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'Erinnerung an Brod' rose Reviews & Comments
Discussion id : 115-335
most recent 12 FEB 19 HIDE POSTS
Initial post 12 FEB 19 by Jay-Jay
About Descendants: Should both HOME/EriWillB & Home Erinnerung an Brod x William Baffin not be merged? Almost the same name and definitely the same photo's.
Reply #1 of 1 posted 12 FEB 19 by jedmar
Yes, same photos. Merged.
Discussion id : 111-215
most recent 2 JUN 18 HIDE POSTS
Initial post 2 JUN 18 by Andrew from Dolton
A lot of the flowers have proliferated this year but the scent is still very, very good.
Discussion id : 109-513
most recent 23 MAR 18 HIDE POSTS
Initial post 23 MAR 18 by Andrew from Dolton
I think there is a slight mistake with the word order for the description of this rose, "Moderate, old rose, opinions vary fragrance.".
Discussion id : 107-559
most recent 16 MAR 18 SHOW ALL
Initial post 24 JAN 18 by CybeRose
Dr. Neubert's Deutsches Garten-Magazin, Volume 37: 5-8 (1884)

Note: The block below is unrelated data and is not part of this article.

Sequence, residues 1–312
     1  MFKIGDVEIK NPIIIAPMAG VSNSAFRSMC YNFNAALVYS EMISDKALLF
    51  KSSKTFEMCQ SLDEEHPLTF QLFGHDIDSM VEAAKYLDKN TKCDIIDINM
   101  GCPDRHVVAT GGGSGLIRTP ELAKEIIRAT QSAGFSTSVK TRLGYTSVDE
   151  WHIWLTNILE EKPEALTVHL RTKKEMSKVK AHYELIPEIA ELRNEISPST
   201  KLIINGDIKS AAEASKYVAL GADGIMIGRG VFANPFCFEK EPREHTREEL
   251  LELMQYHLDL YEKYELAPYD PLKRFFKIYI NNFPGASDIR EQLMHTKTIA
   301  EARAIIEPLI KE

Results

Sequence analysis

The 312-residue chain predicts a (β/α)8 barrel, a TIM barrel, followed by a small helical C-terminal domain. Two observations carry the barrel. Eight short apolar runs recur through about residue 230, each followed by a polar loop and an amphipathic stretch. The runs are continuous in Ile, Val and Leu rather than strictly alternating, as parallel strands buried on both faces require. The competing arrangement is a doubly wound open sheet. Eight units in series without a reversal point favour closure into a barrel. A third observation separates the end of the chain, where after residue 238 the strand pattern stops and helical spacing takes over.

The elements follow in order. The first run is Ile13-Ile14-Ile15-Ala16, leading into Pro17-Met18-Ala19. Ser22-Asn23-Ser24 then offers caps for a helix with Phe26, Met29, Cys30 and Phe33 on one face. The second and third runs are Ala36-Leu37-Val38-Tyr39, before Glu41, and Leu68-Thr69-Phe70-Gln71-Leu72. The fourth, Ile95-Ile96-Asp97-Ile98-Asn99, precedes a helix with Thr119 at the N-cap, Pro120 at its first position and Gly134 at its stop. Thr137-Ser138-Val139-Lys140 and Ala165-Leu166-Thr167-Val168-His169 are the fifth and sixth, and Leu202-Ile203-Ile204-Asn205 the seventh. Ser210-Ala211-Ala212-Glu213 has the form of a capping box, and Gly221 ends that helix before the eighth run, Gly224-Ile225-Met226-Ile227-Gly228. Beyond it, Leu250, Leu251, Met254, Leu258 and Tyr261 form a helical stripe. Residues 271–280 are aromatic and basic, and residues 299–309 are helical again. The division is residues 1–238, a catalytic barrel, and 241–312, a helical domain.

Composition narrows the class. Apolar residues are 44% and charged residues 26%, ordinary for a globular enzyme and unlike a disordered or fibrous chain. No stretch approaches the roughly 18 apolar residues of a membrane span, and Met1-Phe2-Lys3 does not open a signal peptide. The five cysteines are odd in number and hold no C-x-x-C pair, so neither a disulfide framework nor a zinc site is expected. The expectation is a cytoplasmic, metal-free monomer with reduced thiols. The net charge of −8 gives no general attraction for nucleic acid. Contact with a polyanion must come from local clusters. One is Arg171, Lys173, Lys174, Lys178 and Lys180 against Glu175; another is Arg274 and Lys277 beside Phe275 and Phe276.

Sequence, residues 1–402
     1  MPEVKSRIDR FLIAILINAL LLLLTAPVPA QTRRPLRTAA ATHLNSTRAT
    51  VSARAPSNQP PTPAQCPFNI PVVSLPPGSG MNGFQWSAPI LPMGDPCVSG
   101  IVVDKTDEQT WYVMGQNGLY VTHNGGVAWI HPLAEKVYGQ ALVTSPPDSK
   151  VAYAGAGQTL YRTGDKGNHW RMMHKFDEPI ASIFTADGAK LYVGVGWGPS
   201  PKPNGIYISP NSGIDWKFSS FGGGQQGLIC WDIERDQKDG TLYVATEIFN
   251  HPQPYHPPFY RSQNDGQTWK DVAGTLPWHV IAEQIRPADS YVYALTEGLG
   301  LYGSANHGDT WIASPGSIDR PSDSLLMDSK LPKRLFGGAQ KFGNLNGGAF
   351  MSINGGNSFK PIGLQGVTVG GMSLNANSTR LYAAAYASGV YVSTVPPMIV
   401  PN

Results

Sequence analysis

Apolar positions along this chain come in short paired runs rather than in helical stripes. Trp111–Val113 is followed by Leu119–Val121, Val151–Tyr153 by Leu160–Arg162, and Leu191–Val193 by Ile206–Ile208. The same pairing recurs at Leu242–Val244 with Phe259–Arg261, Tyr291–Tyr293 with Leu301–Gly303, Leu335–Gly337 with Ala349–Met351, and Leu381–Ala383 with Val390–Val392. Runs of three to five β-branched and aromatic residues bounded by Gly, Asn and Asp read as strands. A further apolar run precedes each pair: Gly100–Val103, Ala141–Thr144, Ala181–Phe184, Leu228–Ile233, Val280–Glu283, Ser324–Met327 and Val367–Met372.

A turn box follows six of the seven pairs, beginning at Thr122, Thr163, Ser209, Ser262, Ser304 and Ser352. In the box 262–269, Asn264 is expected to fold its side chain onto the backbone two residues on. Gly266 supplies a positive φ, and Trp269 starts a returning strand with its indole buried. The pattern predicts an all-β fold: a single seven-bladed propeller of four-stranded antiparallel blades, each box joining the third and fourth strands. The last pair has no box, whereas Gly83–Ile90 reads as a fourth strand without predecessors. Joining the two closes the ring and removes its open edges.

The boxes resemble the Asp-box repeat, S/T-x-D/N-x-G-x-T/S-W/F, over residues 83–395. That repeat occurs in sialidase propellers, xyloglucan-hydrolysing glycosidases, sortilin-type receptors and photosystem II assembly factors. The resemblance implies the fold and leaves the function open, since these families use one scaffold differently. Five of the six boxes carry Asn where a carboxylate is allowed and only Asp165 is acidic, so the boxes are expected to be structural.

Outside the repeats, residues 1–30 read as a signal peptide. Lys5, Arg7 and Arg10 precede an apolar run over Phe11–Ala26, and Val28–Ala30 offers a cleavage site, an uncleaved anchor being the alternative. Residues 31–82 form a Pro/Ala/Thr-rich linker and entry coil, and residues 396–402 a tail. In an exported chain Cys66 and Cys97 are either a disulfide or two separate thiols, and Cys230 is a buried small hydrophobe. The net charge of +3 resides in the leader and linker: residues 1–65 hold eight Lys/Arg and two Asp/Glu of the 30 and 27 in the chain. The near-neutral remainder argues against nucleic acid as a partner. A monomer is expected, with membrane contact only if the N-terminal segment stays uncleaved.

Kletterrosen für den Norden
Rudolph Geschwind

pp. 6-7
1) Erinnerung an Brod, eine Hybride, die schon als Strauch gezogen die Neigung zum Hängen zeigt, hochstämmig veredelt, in gutem Boden aber zwei Meter lange Jahrestriebe macht, die im Zustande der Blüte bis zur Erde herabhängen. Die Blüte ist nahezu purpurn oder veilchenblau gefärbt und in dieser Farbe die einzige Rose, die sich einem wirklichen Blau in etwas nähert*). Von ferne gesehen erscheinen einzelne besonders dunkel gefärbte Blüten fast schwarz. Die einzelne grosse Blume ist dabei regelmässig kompakt gebaut und dicht gefüllt (ohne Staubgefrisse). Diese Rose, welche bei Herrn Franz Deegen junior in Köstritz Probe blüht, ist wegen ihrer düsteren Farbe die allerbeste und effektreichste Trauerrose für Gräber, um so mehr da sie dem strengsten Winter Trotz bietet.

*) Sie hätte ebensoviel Recht, eine blaue genannt zu werden, wie die Remontantrose Alsace-Loraine als schwarz bezeichnet wird, und ist weit eher eine Violacea als die Moosrose dieses Namens.